BENGALURU: A three-year-old boy from Iraq who was unable to eat solid food for a year because of complications that arose from a congenital heart disease, was chewing on a toffee as he left the city. Saami Abadi (name changed) was brought to Bengaluru for surgery after several countries were unable to treat him of his rare medical condition - which is known as hypoplastic left heart syndrome - that became even more complicated when his wind pipe and food pipe got intertwined, resulting in him choking.
The doctors could not figure on how it happened, but they say that his initial two surgeries that required a tube insertion, caused this problem. In Iraq, when he was two-years-old, a hole was drilled in his stomach to place a gastronomy and jejunostomy tube for nutritional purposes. In Lebanon, a esophageal covered stent was inserted, but all these tubes caused further complications and had to be removed. The child’s parents are both surgeons, and their relatives recommended bringing him to India.
However, before heading to Bengaluru, his parents approached hospitals throughout the country, and most were reluctant to take up this highly complicated case. Dr C Ramachandra, a senior consultant and HOD of paediatric surgery, institute of women and child health at Sakra World Hospital, was told about this case by a mutual acquaintance. It took one and a half months for him and his team to understand the nature of the case, after which they decided to take it up.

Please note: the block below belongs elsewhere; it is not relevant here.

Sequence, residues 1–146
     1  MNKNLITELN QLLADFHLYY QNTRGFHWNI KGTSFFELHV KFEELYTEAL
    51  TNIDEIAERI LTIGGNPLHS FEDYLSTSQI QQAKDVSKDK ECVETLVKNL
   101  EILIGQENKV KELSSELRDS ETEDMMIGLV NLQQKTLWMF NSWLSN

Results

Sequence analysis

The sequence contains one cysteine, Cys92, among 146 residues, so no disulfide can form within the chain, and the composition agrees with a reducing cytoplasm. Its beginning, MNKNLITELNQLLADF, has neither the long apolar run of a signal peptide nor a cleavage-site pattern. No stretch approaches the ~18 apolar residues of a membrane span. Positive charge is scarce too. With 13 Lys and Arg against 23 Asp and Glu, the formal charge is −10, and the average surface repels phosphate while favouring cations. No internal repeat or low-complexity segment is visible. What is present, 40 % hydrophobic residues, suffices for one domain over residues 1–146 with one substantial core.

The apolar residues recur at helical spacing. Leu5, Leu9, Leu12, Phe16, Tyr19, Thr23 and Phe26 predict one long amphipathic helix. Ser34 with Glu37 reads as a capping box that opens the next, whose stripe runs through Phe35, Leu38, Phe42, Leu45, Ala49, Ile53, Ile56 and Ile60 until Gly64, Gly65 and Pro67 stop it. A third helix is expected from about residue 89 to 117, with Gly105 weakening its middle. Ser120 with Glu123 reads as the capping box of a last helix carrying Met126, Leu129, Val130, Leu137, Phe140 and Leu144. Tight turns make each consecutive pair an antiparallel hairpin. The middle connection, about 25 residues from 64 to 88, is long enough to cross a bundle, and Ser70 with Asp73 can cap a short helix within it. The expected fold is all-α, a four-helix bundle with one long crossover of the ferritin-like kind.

“When he was brought to me, I saw that he was suffering from aspiration pneumonia, a lung infection because of inhaling food, liquid and vomit,” says Dr Ramachandra. “He was stabilized with a chest physiotherapy that removed the mucus from his breathing passage, making his breathing easier,” shares the doctor. An intense eight-hour surgery was done on July 5, where the wind and food pipes was separated.
There was an esophageal leak after the surgery, but doctors say that settled on its own. His food pipe is narrower because of the surgery, so doctors inserted a biliary stent to avoid the muscles from getting attached. On July 8, he was discharged, and he went back home to Iraq “stronger and happy, chewing a toffee”. He will be back in about three months for his follow up checkups.